The UK's biggest water company has said it could lift its hosepipe ban sooner than expected after wet weather reduced the risk of drought.
Thames Water, which serves 8.8 million customers in London and the Thames Valley area, said unless the weather takes "an unexpectedly Saharan twist", it no longer expected to keep the ban in place through to the autumn.
Anglian Water and Southern Water are thought to be in a similar position after the heavy rain the UK received in April and May boosted river levels and reservoir stocks.
Seven water companies across southern and eastern England brought in hosepipe bans to combat drought, after two unusually dry winters left some groundwater supplies and rivers as low as in the drought year of 1976.
But the restrictions introduced early in April were followed by record rainfall across the UK for that month, and more rain in May.
The latest drought briefing from the Environment Agency said the wet weather had significantly reduced the risk of drought and widespread water restrictions this summer.
River levels and reservoir stocks have improved significantly and further water restrictions for the public and businesses are unlikely, the government agency said.
Richard Aylard, sustainability director for Thames Water, said: "The record spring rainfall has eased the situation considerably.
"The River Thames provides 70% of the water we supply to our customers and levels are now where we would expect them to be at this time of the year, and our reservoirs are still full.
"In addition we have had excellent cooperation from our customers, both in observing the restrictions and in using water wisely, and we are currently beating our leakage target by more than 60 million litres a day."
He said water levels in underground aquifers were still very low, and the company needed to wait a little longer to be sure it had enough water to get through summer and autumn without restrictions.
He pledged Thames Water would not keep restrictions in place for any longer than was necessary and said customers would be updated on the situation towards the end of June.
“Taking everything into account, we need a little longer to be sure that we will have enough water to get us through the summer and autumn without restrictions.
"But unless the topsy-turvy British weather delivers an unexpectedly Saharan twist, we no longer expect to need to keep the ban in place right through to the autumn," he said.
While the rain has improved the situation, a third dry winter could see conditions "deteriorate" again and lead to the possibility of more water restrictions next year, the Environment Agency said.
In addition, groundwater levels are still well below normal in some areas, with some as low as in the drought year of 1976, and are unlikely to improve before the winter.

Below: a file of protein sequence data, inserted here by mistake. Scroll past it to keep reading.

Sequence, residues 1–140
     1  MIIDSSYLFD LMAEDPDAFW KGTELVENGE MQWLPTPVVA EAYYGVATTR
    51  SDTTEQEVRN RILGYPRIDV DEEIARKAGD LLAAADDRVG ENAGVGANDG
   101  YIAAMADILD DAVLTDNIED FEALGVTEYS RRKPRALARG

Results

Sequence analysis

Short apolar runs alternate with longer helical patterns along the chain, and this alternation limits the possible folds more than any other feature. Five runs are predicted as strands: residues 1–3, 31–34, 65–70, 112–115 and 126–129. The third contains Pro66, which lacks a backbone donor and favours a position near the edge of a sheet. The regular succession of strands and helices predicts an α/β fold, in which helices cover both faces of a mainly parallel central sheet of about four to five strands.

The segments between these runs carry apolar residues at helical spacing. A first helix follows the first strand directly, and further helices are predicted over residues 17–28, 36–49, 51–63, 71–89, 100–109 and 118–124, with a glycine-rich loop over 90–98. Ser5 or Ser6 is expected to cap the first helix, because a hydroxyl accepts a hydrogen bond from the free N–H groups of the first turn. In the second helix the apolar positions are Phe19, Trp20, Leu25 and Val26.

Some areas need as much as 140% of long-term average rainfall this winter to fully recover.
Trevor Bishop, head of water resources at the Environment Agency, said: "We have seen a huge improvement in water resources in just a few short months, putting us in a much more positive position for the summer.
"While the downpours in April were pretty miserable, they were really welcome as water companies were able to refill their reservoirs, river levels are mostly back to normal, and many wildlife habitats that were suffering have recovered.
"But while the risk of drought with further water restrictions and associated environmental impacts this summer has reduced, the situation could deteriorate again next year if there is not enough rain this winter.
"We are still working with partners, planning for the impacts that a third dry winter could have on next year's water supplies."
Farmers are unlikely to be hit by restrictions on spray irrigation this summer, the Environment Agency said.
But some streams and wetlands could dry up as groundwater levels are reduced by water use over the summer.
Hosepipe bans remain in place for customers of Anglian Water, South East Water, parts of Southern Water, Sutton and East Surrey Water, Thames Water, Veolia Central and Veolia South East.
While Thames Water, Anglian Water and Southern Water could be lifting their bans sooner than expected, other companies which take most of their water from underground are likely to have to keep bans in place for longer as groundwater levels remain low.
South East Water, Sutton and East Surrey Water, Veolia Water Central and Veolia Water Southeast have confirmed their hosepipe bans remain in place.
The companies say their supplies are heavily dependent on ground water resources, which remain significantly or even severely depleted.
Environment Secretary Caroline Spelman said: "Whilst I'm sure the recent rain was a challenge for some of the public events like the Jubilee, it was most welcome to farmers, gardeners and the water companies who are looking into whether they can lift the restrictions at the end of June.
"The Environment Agency continues to keep the drought under constant review so that no area has restrictions placed upon them if they are not necessary.
"People should use water wisely - we must start to recognise it as the precious resource it is."